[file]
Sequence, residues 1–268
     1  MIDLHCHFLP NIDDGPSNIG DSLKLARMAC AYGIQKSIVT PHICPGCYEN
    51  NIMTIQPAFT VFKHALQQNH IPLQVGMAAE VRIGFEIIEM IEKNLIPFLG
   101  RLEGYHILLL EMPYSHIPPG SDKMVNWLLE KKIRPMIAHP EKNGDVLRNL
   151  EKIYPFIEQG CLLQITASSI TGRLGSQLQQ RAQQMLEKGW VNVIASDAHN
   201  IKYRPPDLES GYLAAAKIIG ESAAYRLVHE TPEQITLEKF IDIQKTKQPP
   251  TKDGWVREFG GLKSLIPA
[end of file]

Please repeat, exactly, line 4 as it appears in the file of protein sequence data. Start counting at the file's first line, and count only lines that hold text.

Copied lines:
   101  RLEGYHILLL EMPYSHIPPG SDKMVNWLLE KKIRPMIAHP EKNGDVLRNL